CHICAGO (CBS)–Thousands of Chicago Public Schools students returned to the classroom for the first time in months on Monday, as in-person classes resumed for preschool and some special education programs.
However, it’s unclear how many teachers and staff the district has required to return to classrooms will actually be back at schools on Monday, as the Chicago Teachers Union has said the CPS reopening plan is not safe, and the union will defend teachers who refuse to enter classrooms yet.
The union held various demonstrations across the city to oppose the district’s reopening plans. Teachers have said “this plan is dangerous.”
“This plan is dangerous.”
— Mugo Odigwe (@MugoOdigwe) January 11, 2021
Several elementary school teachers camped out in the cold at Suder Montessori Magnet Elementary School, teaching their students remotely in solidarity with preschool teachers who have required to return to their classrooms.
It’s an emotional day for them. Some said they feel they’re having to choose between their jobs and their lives.
“I don’t know what’s the right thing to do. I don’t know how I can balance myself to serve my students, and also be there for my children, and keep them safe, and keep myself safe,” said Suder pre-k and kindergarten teacher Celine Guerrero.
Guerrero said she’s afraid of going back in the classroom, and above that she’s afraid she might bring COVID-19 back home to her own children.
It’s an argument CTU has been making for weeks.
At a press conference Monday morning, some teachers said they’d rather wait until a vaccine is widely available before going back to the classroom.
Meantime, at Whittier Elementary School in Pilsen, Ald. Byron Sigcho-Lopez (25th) said no students and just one teacher showed up for in-person learning on Monday.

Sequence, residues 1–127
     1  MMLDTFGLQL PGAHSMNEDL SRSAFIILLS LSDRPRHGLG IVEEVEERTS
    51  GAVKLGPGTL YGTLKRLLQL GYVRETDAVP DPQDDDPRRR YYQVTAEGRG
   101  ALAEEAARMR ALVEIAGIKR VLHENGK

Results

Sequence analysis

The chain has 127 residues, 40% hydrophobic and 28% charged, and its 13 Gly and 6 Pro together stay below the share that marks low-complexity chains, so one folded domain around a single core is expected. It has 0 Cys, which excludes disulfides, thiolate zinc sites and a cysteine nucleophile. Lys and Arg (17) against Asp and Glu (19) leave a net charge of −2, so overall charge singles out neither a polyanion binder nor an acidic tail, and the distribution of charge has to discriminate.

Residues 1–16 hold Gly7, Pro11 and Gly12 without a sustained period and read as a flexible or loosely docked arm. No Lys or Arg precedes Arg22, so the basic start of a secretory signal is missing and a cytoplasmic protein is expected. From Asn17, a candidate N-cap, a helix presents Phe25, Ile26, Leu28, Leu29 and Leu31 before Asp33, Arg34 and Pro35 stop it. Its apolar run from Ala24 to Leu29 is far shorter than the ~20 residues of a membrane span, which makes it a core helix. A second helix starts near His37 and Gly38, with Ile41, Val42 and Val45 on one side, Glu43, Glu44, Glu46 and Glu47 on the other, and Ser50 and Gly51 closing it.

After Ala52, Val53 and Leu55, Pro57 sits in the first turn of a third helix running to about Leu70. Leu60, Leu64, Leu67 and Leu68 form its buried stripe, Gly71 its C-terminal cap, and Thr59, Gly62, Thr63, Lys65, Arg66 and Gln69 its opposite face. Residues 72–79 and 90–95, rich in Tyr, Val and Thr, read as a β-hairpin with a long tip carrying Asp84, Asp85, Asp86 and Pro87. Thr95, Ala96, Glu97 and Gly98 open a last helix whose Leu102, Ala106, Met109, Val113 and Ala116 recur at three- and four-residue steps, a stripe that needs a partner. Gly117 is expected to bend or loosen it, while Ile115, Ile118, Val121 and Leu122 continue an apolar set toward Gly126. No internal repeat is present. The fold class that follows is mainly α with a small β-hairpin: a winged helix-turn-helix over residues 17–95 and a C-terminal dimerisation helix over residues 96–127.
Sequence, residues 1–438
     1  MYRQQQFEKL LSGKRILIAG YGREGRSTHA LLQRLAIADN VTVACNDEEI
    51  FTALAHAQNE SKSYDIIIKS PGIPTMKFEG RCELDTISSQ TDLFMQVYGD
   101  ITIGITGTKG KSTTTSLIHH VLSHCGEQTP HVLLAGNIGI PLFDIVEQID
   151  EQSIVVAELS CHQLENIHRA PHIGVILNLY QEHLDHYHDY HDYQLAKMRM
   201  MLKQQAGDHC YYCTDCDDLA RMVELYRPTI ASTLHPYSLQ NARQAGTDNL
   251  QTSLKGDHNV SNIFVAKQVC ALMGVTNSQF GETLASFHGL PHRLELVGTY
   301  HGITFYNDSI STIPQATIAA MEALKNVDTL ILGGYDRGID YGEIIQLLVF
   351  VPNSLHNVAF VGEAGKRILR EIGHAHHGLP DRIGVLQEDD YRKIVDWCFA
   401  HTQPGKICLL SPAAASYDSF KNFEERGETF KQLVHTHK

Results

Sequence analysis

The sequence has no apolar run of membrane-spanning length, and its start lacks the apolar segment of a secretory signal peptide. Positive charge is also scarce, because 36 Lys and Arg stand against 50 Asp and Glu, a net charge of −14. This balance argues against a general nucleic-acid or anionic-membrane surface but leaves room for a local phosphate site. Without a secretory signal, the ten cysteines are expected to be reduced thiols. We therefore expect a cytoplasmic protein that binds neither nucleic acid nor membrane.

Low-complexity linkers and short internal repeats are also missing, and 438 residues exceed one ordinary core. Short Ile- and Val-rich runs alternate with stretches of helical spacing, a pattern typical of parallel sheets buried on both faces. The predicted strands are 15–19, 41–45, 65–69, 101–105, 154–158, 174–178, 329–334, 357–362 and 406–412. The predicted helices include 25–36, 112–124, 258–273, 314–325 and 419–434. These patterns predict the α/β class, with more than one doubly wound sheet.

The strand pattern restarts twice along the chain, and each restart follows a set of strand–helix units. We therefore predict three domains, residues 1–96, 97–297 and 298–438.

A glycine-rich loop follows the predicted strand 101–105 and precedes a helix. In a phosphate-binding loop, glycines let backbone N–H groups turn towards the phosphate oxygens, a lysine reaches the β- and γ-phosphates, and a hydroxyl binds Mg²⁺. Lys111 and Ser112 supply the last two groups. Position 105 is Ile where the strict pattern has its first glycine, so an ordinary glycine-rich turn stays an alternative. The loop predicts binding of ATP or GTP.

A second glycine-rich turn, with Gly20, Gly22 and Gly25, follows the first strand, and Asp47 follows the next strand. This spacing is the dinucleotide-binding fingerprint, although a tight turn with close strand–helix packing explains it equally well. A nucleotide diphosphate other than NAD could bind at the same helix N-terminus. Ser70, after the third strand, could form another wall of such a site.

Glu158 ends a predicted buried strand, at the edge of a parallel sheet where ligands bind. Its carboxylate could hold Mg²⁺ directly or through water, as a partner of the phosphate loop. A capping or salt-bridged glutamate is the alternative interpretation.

Whittier is made up of roughly 90% low-income students, and 97% of the students are Hispanic. It’s no secret that Black and Brown communities have been hit harder by COVID.
Some teachers, parents, and activists have said CPS should keep classes virtual until the pandemic is over
“Restaurants, everything is closed. How? it makes no sense that our schools are being pushed to be open,” Orozco Community Academy local school council representative Teresa Contreras said.
Activist Javier Ruiz said it doesn’t make sense to bring students back to classrooms at the same time the mayor has extended the city’s stay-at-home advisory through Jan. 22.
“Kids and parents should not be a science experiment,” Ruiz said.
However, Mayor Lori Lightfoot and Chicago Department of Public Health Commissioner Dr. Allison Arwady noted that schools were exempt from the city’s stay-at-home advisory
The advisory urges people to stay at home as much as possible, except for essential activities like work, school, grocery shopping, or medical care.
Lightfoot and CPS Chief Executive Officer Dr. Janice Jackson toured some classrooms as the day began.
Jackson said the district has been preparing for this day since last summer. She said the district has installed air purifiers in every classroom and office that will be occupied when schools reopen, and have purchased ample amounts of masks, cleaning and disinfecting supplies, and other personal protective equipment.
Jackson said CPS also has studied other districts that have previously resumed in-person learning to help guide its reopening plan.